Emma Goldman is a powerful orator, using as arguments only cold facts and naked truth. But in her eyes lies the real secret of her influence over millions of people in the United States. These eyes are so sincere, so convincing, that no one, not even the very man who signed the warrant for her arrest, can resist admitting “she is a remarkable woman, she has a wonderful mentality, she has a great heart, and the people (meaning the millions who live and suffer and die) love her.” Twenty-seven years a fighter for liberty and the elimination of poverty, always sympathizing with the under-dog, exposing the ruling classes, battling against authorities, against governments, against police . . . and Emma Goldman has not ceased to see her ideal within the reach of her hands. Dreams have been shattered again and again, dear hopes have vanished into the night of impossibility, battles have been lost to iniquity; justice has mocked at the best of her warriors, prisons and jails have been the visible honors bestowed upon her most faithful followers; treachery in her own ranks, perfidy and ungratefulness among her co-workers . . . and Emma Goldman continued to cherish her hopes; she ceased dreaming, and fought for the immediate realization of her ideals: “for an organization without discipline, fear or punishment and without the pressure of poverty: a new social organism which will make an end of the terrible struggle for the means of existence; for a social status which will establish wellbeing for all.”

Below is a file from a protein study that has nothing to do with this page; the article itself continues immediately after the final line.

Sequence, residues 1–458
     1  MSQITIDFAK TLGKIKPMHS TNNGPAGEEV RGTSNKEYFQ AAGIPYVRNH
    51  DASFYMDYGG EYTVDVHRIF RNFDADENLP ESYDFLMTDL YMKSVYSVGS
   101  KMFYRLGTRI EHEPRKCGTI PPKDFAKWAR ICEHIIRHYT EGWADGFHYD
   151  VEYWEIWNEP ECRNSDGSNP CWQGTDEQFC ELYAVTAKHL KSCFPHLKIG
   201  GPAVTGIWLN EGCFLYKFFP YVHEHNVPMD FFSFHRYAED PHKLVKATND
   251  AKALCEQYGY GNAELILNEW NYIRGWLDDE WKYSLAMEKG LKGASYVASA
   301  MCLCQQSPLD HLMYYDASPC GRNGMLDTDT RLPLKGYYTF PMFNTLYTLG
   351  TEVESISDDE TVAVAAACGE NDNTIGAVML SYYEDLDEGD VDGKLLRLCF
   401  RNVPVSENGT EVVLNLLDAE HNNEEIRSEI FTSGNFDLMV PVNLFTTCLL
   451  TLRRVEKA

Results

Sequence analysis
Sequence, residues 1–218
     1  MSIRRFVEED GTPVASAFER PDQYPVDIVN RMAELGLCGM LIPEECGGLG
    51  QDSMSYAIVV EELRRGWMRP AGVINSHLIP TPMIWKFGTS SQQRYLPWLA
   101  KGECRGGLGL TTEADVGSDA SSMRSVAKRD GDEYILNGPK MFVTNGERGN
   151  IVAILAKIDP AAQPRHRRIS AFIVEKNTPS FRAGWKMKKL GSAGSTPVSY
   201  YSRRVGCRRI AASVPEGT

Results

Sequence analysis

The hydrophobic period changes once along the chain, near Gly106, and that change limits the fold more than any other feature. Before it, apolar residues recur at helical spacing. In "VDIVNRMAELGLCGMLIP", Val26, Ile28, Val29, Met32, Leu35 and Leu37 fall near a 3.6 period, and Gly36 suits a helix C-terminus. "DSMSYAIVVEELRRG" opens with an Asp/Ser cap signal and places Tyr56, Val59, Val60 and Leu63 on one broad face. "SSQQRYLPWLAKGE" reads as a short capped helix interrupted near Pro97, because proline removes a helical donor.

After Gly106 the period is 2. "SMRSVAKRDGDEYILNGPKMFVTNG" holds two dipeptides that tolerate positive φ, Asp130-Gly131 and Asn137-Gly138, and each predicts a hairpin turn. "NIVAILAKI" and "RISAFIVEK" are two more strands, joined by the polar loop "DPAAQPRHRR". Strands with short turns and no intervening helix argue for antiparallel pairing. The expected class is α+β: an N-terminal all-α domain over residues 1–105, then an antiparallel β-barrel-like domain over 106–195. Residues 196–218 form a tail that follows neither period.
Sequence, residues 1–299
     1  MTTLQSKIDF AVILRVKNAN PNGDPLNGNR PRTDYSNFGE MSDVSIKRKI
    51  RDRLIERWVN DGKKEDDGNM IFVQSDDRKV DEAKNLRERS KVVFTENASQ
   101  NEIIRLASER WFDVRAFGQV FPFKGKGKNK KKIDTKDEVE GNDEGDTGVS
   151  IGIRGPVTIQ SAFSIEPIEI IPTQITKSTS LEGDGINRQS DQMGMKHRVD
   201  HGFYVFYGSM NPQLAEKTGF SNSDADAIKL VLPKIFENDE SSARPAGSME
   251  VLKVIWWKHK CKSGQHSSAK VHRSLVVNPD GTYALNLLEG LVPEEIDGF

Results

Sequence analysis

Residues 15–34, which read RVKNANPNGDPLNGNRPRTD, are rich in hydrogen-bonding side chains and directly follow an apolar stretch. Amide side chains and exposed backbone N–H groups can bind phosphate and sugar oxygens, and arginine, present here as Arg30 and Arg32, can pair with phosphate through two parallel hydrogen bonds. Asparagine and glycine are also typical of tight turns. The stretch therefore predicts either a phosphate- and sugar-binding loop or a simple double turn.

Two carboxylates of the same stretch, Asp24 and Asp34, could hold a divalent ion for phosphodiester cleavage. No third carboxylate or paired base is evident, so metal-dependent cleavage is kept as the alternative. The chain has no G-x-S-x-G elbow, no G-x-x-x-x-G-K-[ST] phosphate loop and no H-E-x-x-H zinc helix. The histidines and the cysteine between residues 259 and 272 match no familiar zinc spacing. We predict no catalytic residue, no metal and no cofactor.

“There is one thing I would ask you to tell the readers of Pearson’s Magazine,” she said, after we had been comfortably seated in little camp chairs near the keeper’s office. “I never conspired in my life against government or against anyone, and I did not conspire in this specific case. I conducted my campaign against conscription openly and squarely. I used the United States mail, all my meetings were public and accessible to everyone. While the police and those who dictate to our authorities tried always to interfere with my work, it has not been necessary up to the present to resort to the methods of the Russian fighters for the people. I do hope it will never be necessary to conspire in America while fighting for freedom and for liberty.
“My paper, Mother Earth, has enjoyed for the last eleven years without interruption the second-class mailing privileges. My June issue has been confiscated. I wrote several letters to the Third Assistant Postmaster, Burleson, inquiring why my magazine had been held up, but I received no answer. My arrest, perhaps, was the drastic answer of the authorities. I am fighting the conscription law because I do not believe that any man should be forced into war against his conscience. I have no objections if anyone wants to go to war or wishes to bear arms or desires to enter voluntarily upon military training.”